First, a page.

The bicycle is fast becoming a ubiquitous form of transportation in cities all over the world, making our urban spaces more efficient, more livable and healthier. But many of those bicycles disappear into basements and garages when the warm months end, parked there by owners fearful of the cold, snow and ice that winter brings. But does it have to be that way?
Canadian writer and journalist Tom Babin started questioning this dogma after being stuck in winter commuter traffic one dreary and cold December morning and dreaming about the happiness that bicycle commuting had brought him all summer long. So he did something about it. He pulled on some thermal underwear, dragged his bike down from the rafters of his garage and set out on a mission to answer a simple but beguiling question: is it possible to happily ride a bike in winter? That question took him places he never expected. Over years of trial and error, research and more than his share of snow and ice, he discovered an unknown history of biking for snow and ice, and a new generation designed to make riding in winter safe and fun. He unearthed the world’s most bike-friendly winter city and some new approaches to winter cycling from places all over the world. He also looked inward, to discover how the modern world shapes our attitudes toward winter. And perhaps most importantly, he discovered the unique kind of bliss that can only come by pedalling through softly falling snow on a quiet winter night.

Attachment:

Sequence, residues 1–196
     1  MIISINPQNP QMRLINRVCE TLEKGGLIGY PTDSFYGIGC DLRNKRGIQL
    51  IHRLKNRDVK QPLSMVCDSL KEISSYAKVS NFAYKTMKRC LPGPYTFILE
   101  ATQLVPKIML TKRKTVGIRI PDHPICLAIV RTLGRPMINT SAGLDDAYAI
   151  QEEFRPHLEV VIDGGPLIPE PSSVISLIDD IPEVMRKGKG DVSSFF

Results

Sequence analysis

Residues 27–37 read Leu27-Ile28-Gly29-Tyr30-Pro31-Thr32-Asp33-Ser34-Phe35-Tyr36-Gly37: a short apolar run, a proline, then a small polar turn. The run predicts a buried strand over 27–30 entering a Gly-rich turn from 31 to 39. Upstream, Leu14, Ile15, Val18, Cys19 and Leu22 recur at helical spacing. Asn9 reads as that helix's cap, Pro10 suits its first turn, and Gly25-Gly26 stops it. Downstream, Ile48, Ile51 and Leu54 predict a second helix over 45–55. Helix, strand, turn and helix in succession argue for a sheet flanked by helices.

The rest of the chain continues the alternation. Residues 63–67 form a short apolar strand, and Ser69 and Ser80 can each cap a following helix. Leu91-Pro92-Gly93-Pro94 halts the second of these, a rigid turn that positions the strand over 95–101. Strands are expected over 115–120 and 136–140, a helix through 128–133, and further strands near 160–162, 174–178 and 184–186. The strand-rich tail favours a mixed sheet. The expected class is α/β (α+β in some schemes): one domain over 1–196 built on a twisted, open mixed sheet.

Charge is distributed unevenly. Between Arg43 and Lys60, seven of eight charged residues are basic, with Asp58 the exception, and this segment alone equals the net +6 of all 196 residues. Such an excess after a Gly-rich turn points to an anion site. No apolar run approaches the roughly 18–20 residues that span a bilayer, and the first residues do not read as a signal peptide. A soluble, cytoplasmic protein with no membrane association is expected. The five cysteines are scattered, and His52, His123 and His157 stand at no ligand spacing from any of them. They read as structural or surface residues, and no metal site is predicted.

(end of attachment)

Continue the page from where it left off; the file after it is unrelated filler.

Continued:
This book is for cyclists, commuters looking for a change, and urban planning types, certainly, but also for any reader who enjoys a refreshing perspective.—Evan Osenton, Alberta Views
Whether you’re a fair-weather cyclist looking to expand your bike knowledge during the off-season or an avid winter cyclist looking for inspiration, this book has a lot of knowledge to offer.—Ali Byers, AMS Bike Co-op
Changing attitudes about winter is difficult, as Babin acknowledges, but it’s what he sees as the biggest struggle in getting more people to see winter biking as a viable way of commuting. And so he softens, somewhat, on his views around the toughness required for successful winter cycling and starts to embrace the season as an essential part of the Canadian experience, not an enemy to be overcome. It’s this transition in attitude that makes Frostbike’s approach feel fresh and relevant. It’s not about the bike, it’s not about the lanes, it’s not about being tougher than everyone else; winter biking starts from changing our relationship with the season itself.—Jeff Carson, Dandyhorse Magazine